7) The National Council for the Social Studies Psychology Community. This group is part of NCSS and helps psychology teachers in many ways, including annual presentations at the NCSS conference, newsletters and more. You can e-mail chair Daria Schaffeld at daria.schaffeld AT d214.org to get a copy of the latest newsletter and to find out more. Also, consider attending the annual NCSS Conference to hear great presentations.
8) Your fellow teachers! If you know others in your district or region who teach psych, contact them and ask for help. Most psychology teachers are still the only ones in their school, so getting in touch with folks who are nearby and are willing to share can be immensely helpful. Or join an e-mail list for psychology teachers such as Psych-News, TIPS or PsychTeacher (see a full list here) and make connections all over the world!
9) A final rec and plug: this Teaching High School Psychology blog which is run by Kent Korek, Chuck Schallhorn, Rob McEntarffer, Nancy Diehl, Kristin Whitlock, and Steve Jones. It's a site for us to share with our fellow teachers the things that we like, find interesting, have questions about, etc. Follow us via e-mail so you are notified every time we post something new, in your RSS reader or just bookmark us and visit when you can. You can also follow me (Steve) on Twitter at @highschoolpsych.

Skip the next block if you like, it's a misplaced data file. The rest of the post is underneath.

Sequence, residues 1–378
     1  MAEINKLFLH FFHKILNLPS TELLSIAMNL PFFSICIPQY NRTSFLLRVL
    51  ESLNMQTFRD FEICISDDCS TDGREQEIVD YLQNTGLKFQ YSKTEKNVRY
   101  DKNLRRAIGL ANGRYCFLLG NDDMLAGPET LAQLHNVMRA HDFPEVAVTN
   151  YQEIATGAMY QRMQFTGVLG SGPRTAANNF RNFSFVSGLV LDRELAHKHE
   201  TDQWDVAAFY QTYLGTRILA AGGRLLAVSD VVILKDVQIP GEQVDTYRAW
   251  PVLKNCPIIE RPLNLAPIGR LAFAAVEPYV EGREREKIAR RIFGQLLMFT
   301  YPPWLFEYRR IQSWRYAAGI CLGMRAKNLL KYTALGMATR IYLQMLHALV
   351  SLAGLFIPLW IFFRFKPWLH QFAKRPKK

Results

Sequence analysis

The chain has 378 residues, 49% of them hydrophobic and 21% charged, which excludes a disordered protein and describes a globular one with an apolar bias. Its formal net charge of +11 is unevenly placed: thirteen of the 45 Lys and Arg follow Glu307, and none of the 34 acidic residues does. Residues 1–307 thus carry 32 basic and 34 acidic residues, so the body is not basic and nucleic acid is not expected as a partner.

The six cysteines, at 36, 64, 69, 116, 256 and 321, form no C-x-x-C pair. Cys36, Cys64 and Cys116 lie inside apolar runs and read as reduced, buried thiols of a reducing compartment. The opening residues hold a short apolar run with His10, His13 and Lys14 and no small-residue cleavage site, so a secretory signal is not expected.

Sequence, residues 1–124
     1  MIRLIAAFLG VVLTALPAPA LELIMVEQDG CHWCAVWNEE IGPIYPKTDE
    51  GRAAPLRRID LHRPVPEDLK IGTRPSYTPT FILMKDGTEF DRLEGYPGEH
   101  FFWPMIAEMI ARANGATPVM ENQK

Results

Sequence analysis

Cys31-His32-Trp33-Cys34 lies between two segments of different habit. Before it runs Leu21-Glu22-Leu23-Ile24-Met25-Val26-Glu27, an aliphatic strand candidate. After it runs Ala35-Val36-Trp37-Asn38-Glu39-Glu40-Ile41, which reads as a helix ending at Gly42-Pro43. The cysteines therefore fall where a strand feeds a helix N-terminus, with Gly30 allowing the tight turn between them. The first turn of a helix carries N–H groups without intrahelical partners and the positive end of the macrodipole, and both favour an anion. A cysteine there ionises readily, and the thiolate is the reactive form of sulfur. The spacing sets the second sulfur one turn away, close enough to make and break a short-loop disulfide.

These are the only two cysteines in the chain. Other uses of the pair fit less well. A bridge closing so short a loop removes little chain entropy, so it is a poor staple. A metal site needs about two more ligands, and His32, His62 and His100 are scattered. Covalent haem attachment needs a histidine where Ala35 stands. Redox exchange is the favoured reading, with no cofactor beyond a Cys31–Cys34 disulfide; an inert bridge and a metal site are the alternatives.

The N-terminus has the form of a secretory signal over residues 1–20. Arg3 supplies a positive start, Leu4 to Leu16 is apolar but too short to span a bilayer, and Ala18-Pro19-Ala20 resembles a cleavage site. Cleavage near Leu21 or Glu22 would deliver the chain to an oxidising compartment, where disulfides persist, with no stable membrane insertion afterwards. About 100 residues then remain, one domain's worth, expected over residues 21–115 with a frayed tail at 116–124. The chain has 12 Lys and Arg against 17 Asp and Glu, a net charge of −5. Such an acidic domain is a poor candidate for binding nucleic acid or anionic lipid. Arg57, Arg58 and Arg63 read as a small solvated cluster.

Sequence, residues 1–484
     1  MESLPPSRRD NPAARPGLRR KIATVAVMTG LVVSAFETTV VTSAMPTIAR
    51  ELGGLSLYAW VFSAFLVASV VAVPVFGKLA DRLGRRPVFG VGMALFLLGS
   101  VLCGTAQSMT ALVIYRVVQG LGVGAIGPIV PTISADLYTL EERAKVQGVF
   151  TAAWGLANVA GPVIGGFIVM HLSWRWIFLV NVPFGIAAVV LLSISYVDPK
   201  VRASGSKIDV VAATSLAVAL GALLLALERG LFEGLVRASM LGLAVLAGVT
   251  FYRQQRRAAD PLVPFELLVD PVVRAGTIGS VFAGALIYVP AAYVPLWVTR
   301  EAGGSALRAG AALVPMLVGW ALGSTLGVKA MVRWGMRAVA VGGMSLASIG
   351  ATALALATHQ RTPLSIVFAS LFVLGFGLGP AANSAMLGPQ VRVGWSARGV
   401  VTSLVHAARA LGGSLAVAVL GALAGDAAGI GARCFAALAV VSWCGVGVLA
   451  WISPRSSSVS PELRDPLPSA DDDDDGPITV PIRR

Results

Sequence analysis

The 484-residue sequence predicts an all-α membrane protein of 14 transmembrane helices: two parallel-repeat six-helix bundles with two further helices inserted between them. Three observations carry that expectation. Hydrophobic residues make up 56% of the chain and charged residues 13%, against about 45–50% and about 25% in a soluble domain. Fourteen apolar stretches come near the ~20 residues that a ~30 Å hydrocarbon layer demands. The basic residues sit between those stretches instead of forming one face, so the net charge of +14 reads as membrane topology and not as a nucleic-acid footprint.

10) Brain Games, the video series from National Geographic is outstanding for psychology and neuroscience demonstrations. In fact, it has overtaken many of our in-class demos both in terms of quality and quantity.  You can purchase the DVDs online at Amazon.com or stream a couple seasons on Netflix. For content guides for all five seasons, click here.

11) Chuck Schallhorn has a YouTube Channel that can help out with some of the more complex ideas for the students at: https://www.youtube.com/channel/UCOG05VwbujNwGUX5UA0zcXQ
12) Chuck also has an entire online AP course in video format @ https://www.educator.com/psychology/ap-psychology/schallhorn/  It costs money, but if you are desperate, this should help out